Goodarzi said the company appreciates the TIF, but it would have moved forward with the expansion even without it, because the company has no choice but to grow.

The quality of the manufacturing workforce in the Worcester area has actually been a larger driver for the Magmotor Worcester expansion than tax incentives. "The labor pool in that neck of the woods has impressed me much more," Goodarzi said.

Warren Pumps LLC, Warren TIF Value: $2.16 million over 5 years

Estimated Tax Value Add: $165,000 (Source: Warren assessors' office)

Warren Pumps, owned by Maryland-based Colfax Corp., is a company with a long history in the sleepy town of Warren. Many residents have ties to the company — either as current or former employees, or through relatives. So when company officials applied for a $2.16 million TIF from the town, its overwhelming approval at a special town meeting last year came as no surprise, said Robert Souza, chairman of the Warren Board of Selectmen.

"It's a very entrenched company in the town of Warren," Souza said.

Though Colfax officials declined to discuss the progress of the project since the town approved the TIF, the company has already begun hiring for the expansion, Souza said. It proposed moving its valve product manufacturing operations in South Portland, Maine, to Warren, adding 35 jobs on top the 96 existing jobs. The move requires $5.75 million in technological upgrades to the Warren facility's equipment for producing fluid-handling manufactured products.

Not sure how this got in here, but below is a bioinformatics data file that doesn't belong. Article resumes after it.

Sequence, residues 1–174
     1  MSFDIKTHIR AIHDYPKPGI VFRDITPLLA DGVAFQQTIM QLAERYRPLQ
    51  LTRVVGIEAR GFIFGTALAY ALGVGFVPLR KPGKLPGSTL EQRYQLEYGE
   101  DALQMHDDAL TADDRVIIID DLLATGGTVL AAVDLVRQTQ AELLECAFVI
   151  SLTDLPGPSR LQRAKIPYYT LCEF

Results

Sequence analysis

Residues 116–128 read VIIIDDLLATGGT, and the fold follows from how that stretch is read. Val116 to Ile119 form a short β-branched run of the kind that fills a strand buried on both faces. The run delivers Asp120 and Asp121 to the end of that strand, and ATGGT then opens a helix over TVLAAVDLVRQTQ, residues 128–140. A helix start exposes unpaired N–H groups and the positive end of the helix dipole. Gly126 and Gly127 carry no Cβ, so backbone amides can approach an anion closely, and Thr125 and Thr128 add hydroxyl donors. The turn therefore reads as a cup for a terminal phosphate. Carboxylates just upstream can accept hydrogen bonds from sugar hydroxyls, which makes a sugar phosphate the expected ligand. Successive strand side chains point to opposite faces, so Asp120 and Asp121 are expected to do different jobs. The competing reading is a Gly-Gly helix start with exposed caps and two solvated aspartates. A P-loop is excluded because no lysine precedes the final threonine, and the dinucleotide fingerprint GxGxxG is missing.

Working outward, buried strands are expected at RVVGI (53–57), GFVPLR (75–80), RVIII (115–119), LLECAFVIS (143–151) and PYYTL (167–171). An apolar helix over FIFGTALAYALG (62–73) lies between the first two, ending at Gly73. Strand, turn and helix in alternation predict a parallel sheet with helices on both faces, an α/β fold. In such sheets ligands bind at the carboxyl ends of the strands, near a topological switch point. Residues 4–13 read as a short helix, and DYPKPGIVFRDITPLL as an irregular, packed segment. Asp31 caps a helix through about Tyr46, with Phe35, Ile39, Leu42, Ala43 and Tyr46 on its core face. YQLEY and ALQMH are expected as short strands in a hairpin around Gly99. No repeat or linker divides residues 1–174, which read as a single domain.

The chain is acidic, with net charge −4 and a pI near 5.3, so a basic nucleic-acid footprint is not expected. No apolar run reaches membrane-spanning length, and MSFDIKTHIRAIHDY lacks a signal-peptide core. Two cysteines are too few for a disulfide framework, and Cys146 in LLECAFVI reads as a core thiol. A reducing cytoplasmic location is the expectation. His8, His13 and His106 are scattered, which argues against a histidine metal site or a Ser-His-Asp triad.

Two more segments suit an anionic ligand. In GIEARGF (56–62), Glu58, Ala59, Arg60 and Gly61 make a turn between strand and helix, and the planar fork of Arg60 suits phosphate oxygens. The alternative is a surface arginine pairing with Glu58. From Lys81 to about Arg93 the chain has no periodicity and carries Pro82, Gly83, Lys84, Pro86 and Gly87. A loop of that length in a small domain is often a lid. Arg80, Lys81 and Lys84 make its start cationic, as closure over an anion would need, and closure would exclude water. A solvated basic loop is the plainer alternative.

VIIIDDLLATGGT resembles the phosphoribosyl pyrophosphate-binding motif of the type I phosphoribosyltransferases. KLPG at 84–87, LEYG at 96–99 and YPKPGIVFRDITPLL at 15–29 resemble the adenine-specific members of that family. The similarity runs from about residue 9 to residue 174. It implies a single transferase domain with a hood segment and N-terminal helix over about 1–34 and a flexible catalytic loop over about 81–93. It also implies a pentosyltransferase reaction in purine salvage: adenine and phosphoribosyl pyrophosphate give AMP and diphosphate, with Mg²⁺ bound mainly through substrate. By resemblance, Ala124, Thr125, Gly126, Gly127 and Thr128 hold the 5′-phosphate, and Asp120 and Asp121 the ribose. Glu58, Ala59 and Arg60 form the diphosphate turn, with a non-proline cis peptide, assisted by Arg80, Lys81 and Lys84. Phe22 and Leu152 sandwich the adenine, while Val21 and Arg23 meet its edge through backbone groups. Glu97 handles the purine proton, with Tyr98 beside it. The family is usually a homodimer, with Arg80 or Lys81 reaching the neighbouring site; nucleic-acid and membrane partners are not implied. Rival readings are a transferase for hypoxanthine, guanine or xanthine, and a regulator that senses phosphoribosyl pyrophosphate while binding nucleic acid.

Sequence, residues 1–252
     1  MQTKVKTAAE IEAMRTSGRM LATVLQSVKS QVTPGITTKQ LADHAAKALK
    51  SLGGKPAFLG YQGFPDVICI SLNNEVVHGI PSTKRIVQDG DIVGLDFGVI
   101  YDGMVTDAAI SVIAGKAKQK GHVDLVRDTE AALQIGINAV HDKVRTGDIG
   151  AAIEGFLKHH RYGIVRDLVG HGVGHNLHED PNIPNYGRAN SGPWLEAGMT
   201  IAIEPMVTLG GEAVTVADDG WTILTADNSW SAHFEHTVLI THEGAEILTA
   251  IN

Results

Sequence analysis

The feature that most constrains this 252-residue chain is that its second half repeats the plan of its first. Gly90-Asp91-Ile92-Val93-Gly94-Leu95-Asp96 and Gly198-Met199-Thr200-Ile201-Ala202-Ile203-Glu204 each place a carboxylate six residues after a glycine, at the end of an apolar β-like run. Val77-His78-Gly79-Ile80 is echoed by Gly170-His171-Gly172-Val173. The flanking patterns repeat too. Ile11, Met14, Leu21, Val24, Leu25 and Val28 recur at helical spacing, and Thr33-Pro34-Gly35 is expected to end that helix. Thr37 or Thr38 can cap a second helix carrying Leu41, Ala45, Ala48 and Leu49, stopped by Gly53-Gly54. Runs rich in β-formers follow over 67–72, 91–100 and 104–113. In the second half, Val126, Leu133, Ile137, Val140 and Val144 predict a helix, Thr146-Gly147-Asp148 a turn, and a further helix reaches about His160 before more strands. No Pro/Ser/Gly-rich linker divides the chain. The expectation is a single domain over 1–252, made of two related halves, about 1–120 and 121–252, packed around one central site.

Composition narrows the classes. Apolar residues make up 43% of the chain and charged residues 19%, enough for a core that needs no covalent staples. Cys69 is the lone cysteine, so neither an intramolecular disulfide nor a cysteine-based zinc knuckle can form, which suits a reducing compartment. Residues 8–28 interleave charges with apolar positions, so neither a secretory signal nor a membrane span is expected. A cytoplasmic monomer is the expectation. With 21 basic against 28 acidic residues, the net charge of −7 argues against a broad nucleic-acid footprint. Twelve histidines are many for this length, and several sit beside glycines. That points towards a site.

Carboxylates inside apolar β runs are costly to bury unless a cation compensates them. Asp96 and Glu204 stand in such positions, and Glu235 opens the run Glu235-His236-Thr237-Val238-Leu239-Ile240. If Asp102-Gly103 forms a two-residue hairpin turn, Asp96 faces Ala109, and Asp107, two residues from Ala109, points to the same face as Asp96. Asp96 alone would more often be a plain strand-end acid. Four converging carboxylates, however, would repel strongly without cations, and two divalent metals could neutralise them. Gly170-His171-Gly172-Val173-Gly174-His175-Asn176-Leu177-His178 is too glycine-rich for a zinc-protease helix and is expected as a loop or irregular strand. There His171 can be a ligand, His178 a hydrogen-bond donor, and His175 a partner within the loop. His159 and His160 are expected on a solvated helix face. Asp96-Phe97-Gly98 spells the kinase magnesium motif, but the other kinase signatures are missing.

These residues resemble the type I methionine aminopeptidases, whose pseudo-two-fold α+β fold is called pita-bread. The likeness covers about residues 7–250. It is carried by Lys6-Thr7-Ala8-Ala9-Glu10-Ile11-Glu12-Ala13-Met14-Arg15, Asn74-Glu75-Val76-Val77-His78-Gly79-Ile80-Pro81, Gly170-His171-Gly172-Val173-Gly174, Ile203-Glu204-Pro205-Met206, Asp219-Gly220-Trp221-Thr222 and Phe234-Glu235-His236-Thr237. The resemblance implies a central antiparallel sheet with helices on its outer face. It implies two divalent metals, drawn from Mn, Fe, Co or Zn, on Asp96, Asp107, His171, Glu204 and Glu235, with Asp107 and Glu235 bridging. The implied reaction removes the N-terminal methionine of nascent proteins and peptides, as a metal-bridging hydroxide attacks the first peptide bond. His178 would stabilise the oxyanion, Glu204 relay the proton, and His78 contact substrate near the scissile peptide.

The addition of jobs was the driving factor in the project's popularity, according to Souza. And, he said, the town has a vested interest in the success of Warren Pumps, which has operated in town for 125 years. "They're a good company and we want to keep them here," Souza said.

Georgia-Pacific Dixie cutlery facility, Leominster

TIF Value: $3.2 million over 10 years

Estimated Tax Value Add: $200,000 (Source: Leominster Economic Development office)

Georgia-Pacific is considering expanding its cutlery manufacturing location, the Georgia-based company's only Massachusetts facility, which now employs 213. The Leominster City Council approved a $3.2-million TIF deal in 2011, but the project has yet to launch, said Kelly Ferguson, director of public affairs at the company.

As proposed, the expansion includes investing in new equipment and technology to allow for the production of cutlery designed for Dixie cutlery dispensers used in restaurants — an investment that could total up to $20 million. Twenty-five new jobs would be created.

"We continue to have this project as one of our options to expand production of our cutlery manufacturing," Ferguson said. "However, economic uncertainty continues to impact our point of view on expansion, and we are being careful to make the right economic decision for the long-term."